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Old 01-03-2008, 12:59 PM   #1
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The most important ingrediant in your kitchen

http://www.nytimes.com/2008/01/02/dinin ... ref=slogin

OF all the ingredients in the kitchen, the most common is also the most mysterious.



Illustration by Stephen Doyle

Related
Taking the Temperature of Dinner (January 2, 200

Stefano Buonamici for The New York Times
HARD TO HANDLE Even cooks who do not prepare paella in an open hearth may find heat to be a great challenge.
It’s hard to measure and hard to control. It’s not a material like water or flour, to be added by the cup. In fact, it’s invisible.

It’s heat.

Every cook relies every day on the power of heat to transform food, but heat doesn’t always work in the way we might guess. And what we don’t know about it can end up burning us.

We waste huge amounts of gas or electricity, not to mention money and time, trying to get heat to do things it can’t do. Aiming to cook a roast or steak until it’s pink at the center, we routinely overcook the rest of it. Instead of a gentle simmer, we boil our stews and braises until they are tough and dry. Even if we do everything else right, we can undermine our best cooking if we let food cool on the way to the table — all because most of us don’t understand heat.

Heat is energy. It’s everywhere and it is always on the move, flowing out as it flows in. It roils the chemical innards of things, exciting their molecules to vibrate and crash into each other. When we add a lot of heat energy to foods, it agitates those innards enough to mix them up, destroy structures and create new ones. In doing so it transforms both texture and flavor.

There are, however, uncountable ways to misapply heat. In most cooking, we transfer energy from a heat source, something very hot and energetic, to relatively cold and inert foods. Our usual heat sources, gas flames and glowing coals and electrical elements, have temperatures well above 1,000 degrees Fahrenheit. Boiling water is around 212 degrees.

Cooks typically heat food to somewhere between 120 degrees (for fish and meats that we want to keep moist) and 400 degrees (for dry, crisp, flavorful brown crusts on breads, pastries, potatoes, or on fish and meats).

At the bottom of that range, a difference of just 5 or 10 degrees can mean the difference between juicy meat and dry, between a well-balanced cup of coffee or tea and a bitter, over-extracted one. And as every cook learns early on, it’s all too easy to burn the outside of a hamburger or a potato before the center is warm.

That’s the basic challenge: We’re often aiming a fire hose of heat at targets that can only absorb a slow trickle, and that will be ruined if they absorb a drop too much. Are you ever annoyed by pots that take forever to heat up, or frustrated by waiting for dry foods to soften? A kitchen that becomes hot enough to be a sauna? Big jumps in the utility bill when you do a lot of cooking? The problem, as you will notice if you pay more attention to your kitchen’s thermal landscape, even in terms of what you can feel, is how much heat escapes without ever getting into the food.

Among the major culprits here are inefficient appliances. According to the United States Department of Energy, a gas burner delivers only 35 to 40 percent of its heat energy to the pan; a standard electrical element conveys about 70 percent. Anyone thinking about kitchen renovation should know that induction cooktops, which generate heat directly within the pan itself, are around 90 percent efficient. They can out-cook big-B.T.U. gas burners, work faster, don’t heat up the whole kitchen, and are becoming more common in restaurant kitchens.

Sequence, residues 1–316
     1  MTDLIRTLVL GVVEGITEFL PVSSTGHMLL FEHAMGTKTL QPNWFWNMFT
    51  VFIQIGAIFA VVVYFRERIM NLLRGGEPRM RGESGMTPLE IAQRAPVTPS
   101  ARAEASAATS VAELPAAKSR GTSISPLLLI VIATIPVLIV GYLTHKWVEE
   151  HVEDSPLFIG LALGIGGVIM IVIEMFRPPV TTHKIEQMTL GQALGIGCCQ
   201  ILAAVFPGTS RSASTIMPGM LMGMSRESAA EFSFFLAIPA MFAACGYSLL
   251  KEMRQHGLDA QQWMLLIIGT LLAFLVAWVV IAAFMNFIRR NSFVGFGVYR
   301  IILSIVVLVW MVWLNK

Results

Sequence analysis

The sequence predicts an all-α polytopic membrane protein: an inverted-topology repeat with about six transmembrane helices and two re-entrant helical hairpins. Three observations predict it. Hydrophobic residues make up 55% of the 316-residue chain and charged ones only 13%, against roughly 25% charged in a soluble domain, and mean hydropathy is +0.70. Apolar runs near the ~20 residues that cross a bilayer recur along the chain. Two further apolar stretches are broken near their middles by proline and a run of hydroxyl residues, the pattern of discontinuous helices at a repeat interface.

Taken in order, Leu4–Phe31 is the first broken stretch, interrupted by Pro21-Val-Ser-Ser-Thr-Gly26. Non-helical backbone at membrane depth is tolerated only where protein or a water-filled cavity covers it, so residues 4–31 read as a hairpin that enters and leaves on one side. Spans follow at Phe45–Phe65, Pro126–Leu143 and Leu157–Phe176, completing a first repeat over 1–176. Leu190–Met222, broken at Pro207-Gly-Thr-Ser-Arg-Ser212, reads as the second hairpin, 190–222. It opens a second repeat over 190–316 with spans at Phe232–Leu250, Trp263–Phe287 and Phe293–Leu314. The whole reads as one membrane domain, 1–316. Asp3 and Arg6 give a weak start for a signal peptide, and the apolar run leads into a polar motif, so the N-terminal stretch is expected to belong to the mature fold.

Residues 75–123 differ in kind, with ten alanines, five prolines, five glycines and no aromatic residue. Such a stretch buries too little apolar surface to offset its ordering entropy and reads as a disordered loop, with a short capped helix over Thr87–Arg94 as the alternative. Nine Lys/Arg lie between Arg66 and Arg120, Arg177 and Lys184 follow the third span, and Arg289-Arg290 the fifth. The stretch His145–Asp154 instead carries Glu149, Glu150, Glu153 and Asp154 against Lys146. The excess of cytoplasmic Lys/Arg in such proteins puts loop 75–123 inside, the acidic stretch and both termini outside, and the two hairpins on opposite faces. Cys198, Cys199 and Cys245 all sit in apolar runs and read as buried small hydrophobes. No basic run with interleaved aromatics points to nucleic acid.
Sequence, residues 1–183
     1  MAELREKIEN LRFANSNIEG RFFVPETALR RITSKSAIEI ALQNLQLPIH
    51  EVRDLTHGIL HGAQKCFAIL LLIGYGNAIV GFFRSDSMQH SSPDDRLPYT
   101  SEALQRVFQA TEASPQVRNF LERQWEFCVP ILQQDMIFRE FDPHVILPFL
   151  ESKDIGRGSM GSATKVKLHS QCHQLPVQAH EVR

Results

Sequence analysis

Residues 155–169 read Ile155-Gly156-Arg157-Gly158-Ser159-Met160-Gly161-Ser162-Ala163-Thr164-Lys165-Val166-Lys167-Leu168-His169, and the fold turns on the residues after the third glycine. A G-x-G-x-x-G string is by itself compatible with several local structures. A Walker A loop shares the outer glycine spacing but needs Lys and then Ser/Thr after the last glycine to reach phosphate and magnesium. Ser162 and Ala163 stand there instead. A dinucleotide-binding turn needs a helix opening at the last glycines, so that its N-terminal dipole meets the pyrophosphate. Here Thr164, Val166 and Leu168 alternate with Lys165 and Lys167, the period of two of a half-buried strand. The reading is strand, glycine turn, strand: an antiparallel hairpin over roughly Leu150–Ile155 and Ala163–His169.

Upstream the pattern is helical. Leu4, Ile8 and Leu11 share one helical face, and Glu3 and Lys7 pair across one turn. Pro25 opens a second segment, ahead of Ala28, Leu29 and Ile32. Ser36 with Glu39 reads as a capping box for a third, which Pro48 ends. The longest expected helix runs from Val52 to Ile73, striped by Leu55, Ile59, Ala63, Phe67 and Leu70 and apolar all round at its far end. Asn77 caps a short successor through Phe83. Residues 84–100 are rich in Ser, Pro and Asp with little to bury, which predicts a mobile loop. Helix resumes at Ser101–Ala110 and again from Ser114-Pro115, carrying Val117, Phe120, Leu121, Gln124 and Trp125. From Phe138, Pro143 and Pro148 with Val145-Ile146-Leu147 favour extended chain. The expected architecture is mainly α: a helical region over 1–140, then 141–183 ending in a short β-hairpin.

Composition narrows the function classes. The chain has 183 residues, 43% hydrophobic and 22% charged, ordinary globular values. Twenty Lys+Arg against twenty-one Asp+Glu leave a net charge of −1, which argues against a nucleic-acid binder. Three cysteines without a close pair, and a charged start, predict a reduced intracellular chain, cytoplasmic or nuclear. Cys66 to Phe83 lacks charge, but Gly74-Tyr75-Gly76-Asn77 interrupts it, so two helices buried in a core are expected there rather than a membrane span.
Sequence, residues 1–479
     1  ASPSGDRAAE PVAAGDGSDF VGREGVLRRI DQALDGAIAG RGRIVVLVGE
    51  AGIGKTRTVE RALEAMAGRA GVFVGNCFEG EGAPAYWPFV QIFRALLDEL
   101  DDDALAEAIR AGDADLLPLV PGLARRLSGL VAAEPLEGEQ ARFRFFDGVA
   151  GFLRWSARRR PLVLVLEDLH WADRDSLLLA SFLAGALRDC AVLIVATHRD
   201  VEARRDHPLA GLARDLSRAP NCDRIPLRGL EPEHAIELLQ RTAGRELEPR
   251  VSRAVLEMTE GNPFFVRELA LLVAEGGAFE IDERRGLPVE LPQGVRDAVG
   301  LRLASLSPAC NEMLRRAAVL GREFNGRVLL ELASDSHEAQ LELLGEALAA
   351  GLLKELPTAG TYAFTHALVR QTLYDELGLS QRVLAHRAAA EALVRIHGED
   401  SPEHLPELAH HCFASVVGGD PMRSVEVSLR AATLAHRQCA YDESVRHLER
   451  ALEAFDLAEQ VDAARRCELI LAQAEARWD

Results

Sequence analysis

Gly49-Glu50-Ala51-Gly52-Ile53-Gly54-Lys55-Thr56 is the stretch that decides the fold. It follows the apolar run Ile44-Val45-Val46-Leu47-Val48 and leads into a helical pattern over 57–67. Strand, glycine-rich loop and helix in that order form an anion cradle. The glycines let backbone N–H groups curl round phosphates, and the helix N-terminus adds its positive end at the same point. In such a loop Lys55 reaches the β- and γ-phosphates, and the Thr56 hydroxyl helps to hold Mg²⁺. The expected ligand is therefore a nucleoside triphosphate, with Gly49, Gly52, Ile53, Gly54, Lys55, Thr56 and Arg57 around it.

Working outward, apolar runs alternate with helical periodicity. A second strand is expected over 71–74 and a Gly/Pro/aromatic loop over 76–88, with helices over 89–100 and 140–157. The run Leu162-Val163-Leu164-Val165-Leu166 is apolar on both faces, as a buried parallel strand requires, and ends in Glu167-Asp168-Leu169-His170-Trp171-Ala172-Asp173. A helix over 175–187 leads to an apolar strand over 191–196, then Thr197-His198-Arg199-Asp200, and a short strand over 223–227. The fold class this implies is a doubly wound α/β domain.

Maximizing the transfer of heat from burner to pot produces better food. In deep frying, the faster the burner can bring the oil temperature back up after the food is added, the quicker the food cooks and the less oil it absorbs. In boiling green vegetables, a fast recovery time means better retention of vibrant color and vitamins.

No matter how efficient an appliance is, the cook can help simply by covering pots and pans with their lids. Some of the heat that enters through the bottom of the pot exits through the top, but a lid prevents much of it from escaping into the air. This is especially true when you’re bringing a pot of water to the boil. With the lid on, it will start bubbling in as little as half the time. Turning water into steam takes a lot of energy, and every molecule that flies away from the water surface takes all that energy with it into the air. Prevent its escape, and the energy stays with the pot to heat the rest of the water.



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Old 01-05-2008, 01:45 PM   #2
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Great narrative there Cappy. Reminds me of little mentoring I got from Joe Ames one time on spices herbs and other food flavorings. He say the more it smells good as it cooks..the more the flavor is being wasted by allowing the flavors/aromas to escape from the pot and into the atmosphere.

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Old 01-06-2008, 06:54 AM   #3
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Heat or fire has also been around since the begining of time. And man still has trouble using it Amazing aint it.
I'll bet yall learned not to put you hand in a fire pretty quick....
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